Image shows a tweet advocating for using behavioral triggers to send timely, relevant content.

Image source: Twitter

Jewelry brand Uncommon James sends this personalized abandoned cart email after a visitor puts one or more of these products in their cart, but doesn’t finish the purchase.

With a subject line that reads “20% off—the finishing touch to your finishing touches,” the email gets right to the point. When the reader opens it, they find the discount front and center and a CTA button above the fold.

The email also features the specific products the shopper put in their cart, each with its own separate CTA button. This is a smart move—people ditch their carts for any number of reasons, but one of them is that they can’t afford every item they added.

Rather than directing the shopper back to their full cart, the layout Uncommon James presents gives them the opportunity to buy just one item—a win-win scenario for both shopper and brand after an abandoned cart.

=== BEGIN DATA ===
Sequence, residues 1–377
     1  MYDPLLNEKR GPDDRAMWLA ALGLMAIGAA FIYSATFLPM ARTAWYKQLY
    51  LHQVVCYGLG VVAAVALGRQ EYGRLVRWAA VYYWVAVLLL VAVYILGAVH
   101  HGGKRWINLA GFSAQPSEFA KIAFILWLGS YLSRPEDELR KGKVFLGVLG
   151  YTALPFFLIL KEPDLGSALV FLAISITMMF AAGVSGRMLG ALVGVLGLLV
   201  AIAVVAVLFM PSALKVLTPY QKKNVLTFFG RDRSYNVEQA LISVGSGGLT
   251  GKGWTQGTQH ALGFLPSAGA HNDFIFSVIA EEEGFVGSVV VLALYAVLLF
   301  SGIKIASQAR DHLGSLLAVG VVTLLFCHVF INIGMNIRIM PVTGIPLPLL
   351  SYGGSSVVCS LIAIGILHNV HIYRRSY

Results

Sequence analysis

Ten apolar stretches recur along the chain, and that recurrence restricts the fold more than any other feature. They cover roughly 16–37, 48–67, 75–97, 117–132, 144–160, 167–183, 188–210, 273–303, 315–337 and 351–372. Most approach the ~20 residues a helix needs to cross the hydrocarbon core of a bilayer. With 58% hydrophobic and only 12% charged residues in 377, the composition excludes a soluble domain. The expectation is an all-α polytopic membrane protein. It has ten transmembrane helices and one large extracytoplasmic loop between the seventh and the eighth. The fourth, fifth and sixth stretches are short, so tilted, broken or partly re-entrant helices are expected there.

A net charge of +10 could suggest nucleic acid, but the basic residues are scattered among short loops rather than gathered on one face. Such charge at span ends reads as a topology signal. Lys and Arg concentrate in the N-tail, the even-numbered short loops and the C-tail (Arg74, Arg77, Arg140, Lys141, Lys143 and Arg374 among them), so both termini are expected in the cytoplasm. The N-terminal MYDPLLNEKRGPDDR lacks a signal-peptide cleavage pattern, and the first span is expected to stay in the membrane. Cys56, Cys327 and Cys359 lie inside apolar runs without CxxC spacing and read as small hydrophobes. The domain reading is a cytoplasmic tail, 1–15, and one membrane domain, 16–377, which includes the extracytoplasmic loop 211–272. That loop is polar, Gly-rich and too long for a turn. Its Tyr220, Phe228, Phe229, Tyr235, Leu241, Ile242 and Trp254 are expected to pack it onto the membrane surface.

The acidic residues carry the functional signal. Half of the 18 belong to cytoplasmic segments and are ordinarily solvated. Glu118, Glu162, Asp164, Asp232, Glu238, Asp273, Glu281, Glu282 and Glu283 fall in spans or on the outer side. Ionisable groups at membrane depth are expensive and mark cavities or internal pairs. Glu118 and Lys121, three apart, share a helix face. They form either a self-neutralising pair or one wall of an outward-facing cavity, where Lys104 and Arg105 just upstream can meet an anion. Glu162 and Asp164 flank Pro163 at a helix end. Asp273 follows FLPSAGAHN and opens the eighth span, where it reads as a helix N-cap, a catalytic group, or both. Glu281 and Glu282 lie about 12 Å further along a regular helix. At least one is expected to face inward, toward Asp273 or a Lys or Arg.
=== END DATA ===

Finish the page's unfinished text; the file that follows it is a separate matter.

Image shows an abandoned cart email from Uncommon James, offering a 20% discount and several product shots of gold jewelry.

Image source: Uncommon James

Abandoned cart flows are typically triggered by customer behavior: first, their act of filling, then abandoning, the cart; then, depending on how the shopper interacts with the first email, a certain amount of time passes, and a second (and sometimes a third) email goes out.

Win-back flows

Win-back automations, also known as re-engagement campaigns, are emails you send to inactive subscribers.

How you define “inactive” depends on your brand. Perhaps they haven’t opened or clicked an email in the past 30, 60, or 90 days. Or maybe they haven’t bought from you in a while.

Because they help you re-engage these subscribers, win-back emails are an important part of your nurturing strategy—especially considering existing customers tend to be more likely to convert than first-time shoppers.

Win-back emails are especially powerful when they’re personalized—and that personalization relies on deep segmentation.